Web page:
To the Editors of the CRIMSON:

I am deeply grieved to learn, through your issue of February 20, that Miss Kate Mullen, so long associated with the official publications of the University, had died. Having, as the CRIMSON said, been instrumental in the enlistment of Miss Mullen's services, and having had for several years in University Hall the benefit of her willing and skillful co-operation in connection with the various publications of the University, I wish to add my tribute to your own very discriminating and happy observations of her career at Harvard. The humor, no less than the substance, of your praise of her accuracy and dependability would have gratified her Irish soul. When the University Gazette was started we had a solemn understanding that it was to contain no mistakes, whether of fact or of typography: the Gazette could do no wrong. No one could have come nearer to this impossible ideal than Miss Mullen, and I am glad to infer from your comments that the tradition of infallibility was maintained to the end.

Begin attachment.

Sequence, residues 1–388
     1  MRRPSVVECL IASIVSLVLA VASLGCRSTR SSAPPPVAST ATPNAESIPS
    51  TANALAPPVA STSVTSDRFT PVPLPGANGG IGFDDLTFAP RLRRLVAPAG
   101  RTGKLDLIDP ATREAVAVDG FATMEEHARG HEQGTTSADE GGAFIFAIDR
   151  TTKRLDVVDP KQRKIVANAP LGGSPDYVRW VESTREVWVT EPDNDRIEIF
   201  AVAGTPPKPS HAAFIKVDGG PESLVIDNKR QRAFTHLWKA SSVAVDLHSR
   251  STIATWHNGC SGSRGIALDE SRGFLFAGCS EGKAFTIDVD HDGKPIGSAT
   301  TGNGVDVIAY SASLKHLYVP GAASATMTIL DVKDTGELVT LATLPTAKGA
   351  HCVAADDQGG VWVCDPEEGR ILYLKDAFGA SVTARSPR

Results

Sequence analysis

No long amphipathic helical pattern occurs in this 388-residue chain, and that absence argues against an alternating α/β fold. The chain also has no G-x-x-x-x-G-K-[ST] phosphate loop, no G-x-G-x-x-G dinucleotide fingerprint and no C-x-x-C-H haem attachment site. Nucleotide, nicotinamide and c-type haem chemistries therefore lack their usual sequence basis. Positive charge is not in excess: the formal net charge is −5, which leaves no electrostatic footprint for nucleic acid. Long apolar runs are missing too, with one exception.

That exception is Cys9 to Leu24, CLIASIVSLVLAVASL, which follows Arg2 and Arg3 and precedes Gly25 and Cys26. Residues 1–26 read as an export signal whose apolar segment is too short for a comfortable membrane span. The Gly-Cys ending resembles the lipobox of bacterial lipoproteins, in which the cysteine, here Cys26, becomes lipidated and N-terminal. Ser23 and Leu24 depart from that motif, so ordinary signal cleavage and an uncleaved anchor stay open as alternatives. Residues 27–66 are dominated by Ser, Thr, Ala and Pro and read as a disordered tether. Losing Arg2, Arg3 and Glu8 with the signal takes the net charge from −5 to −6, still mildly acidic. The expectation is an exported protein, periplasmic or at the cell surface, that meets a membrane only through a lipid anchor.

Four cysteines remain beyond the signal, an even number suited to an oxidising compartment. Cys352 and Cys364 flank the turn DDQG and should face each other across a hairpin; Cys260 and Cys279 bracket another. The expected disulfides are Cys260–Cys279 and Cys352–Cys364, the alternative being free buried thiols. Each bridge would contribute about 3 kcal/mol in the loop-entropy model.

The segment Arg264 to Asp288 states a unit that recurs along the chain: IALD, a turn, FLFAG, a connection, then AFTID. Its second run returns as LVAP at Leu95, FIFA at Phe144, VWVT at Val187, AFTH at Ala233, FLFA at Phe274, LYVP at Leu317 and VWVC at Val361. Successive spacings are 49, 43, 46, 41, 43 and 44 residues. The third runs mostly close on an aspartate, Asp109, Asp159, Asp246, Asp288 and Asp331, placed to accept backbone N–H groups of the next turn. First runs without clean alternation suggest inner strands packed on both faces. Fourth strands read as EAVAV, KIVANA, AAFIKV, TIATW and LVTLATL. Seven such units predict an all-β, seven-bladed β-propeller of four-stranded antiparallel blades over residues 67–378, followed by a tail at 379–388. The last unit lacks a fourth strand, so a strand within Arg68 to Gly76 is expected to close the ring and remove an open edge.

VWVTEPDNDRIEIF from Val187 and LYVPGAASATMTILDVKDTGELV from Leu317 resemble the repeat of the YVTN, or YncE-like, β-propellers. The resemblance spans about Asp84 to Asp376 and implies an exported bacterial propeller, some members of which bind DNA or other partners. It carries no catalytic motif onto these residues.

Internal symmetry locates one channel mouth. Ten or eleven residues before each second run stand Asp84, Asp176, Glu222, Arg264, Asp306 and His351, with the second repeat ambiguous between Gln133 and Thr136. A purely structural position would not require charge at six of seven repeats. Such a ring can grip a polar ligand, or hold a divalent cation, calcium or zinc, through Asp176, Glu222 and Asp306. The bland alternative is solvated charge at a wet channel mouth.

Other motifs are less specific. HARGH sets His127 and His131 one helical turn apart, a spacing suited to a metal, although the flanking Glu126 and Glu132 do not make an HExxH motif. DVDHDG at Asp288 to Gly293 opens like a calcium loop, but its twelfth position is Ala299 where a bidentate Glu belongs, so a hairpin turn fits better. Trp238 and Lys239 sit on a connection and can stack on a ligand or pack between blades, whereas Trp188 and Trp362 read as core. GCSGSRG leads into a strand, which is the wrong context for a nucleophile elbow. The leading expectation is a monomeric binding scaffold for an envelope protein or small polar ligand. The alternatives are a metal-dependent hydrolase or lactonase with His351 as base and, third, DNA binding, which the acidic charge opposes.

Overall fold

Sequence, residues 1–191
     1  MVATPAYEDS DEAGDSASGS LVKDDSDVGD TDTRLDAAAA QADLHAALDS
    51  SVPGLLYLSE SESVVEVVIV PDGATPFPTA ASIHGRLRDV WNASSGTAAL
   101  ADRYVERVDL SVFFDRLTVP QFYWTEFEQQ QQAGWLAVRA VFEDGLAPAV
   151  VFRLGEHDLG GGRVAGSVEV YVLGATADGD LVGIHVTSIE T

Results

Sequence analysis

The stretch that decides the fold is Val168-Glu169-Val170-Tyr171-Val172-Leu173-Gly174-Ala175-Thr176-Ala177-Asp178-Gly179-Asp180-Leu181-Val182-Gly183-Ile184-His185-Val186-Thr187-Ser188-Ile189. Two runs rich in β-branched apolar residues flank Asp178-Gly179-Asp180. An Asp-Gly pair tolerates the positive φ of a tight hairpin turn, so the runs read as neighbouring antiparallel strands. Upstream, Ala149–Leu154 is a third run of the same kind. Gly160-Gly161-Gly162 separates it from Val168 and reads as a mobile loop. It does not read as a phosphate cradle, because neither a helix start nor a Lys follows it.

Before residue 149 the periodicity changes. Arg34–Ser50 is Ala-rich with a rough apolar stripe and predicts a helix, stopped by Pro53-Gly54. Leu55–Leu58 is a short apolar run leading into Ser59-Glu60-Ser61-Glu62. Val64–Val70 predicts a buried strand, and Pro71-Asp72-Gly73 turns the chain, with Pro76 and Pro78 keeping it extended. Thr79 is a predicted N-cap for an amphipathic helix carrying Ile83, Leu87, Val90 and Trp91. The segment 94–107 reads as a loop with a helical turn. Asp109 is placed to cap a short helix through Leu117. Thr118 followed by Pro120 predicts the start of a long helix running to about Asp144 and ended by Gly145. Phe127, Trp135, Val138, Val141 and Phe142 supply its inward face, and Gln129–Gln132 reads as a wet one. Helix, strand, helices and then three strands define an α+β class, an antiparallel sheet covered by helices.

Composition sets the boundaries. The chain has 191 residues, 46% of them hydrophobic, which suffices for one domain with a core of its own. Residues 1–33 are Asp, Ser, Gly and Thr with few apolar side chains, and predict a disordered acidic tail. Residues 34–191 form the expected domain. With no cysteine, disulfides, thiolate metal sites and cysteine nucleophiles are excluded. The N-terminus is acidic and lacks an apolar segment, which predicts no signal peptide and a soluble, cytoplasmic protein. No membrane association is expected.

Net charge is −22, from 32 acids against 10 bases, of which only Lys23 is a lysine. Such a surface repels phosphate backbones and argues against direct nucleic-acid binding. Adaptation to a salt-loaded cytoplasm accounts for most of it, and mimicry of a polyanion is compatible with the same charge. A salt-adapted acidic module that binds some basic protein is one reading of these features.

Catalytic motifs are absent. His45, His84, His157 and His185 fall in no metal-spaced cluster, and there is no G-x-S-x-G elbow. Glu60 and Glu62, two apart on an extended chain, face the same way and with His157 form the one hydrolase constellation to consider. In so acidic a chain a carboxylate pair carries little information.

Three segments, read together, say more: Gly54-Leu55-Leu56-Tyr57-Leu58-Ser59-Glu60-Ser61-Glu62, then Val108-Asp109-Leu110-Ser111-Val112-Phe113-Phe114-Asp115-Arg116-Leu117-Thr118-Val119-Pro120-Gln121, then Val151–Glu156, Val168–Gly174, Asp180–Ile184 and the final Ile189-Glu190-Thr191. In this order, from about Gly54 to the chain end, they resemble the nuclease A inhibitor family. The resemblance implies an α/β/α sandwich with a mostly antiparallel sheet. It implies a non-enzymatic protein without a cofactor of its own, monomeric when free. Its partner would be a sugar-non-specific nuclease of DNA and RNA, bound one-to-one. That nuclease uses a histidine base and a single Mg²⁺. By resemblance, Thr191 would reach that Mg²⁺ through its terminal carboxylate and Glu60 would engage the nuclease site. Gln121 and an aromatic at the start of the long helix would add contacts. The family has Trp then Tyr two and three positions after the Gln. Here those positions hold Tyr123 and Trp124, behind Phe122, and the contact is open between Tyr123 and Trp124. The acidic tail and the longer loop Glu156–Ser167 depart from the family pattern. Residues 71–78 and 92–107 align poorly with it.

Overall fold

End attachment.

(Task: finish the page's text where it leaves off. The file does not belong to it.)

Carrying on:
Miss Mullen's death is a reminder that the corporate Harvard is not limited to the roll of its graduates and to the official roster of those bearing academic titles. Both in the paid service of the University and in the no less intimate associations of the academic community with many workers in the shops, clubs, student publications, athletic organizations and other activities of Cambridge, there emerges every now and then one who, by long and devoted service, becomes as completely identified with Harvard as the most loyal alumnus could be. Such a one was Kate Mullen. Jerome D. Greene '96.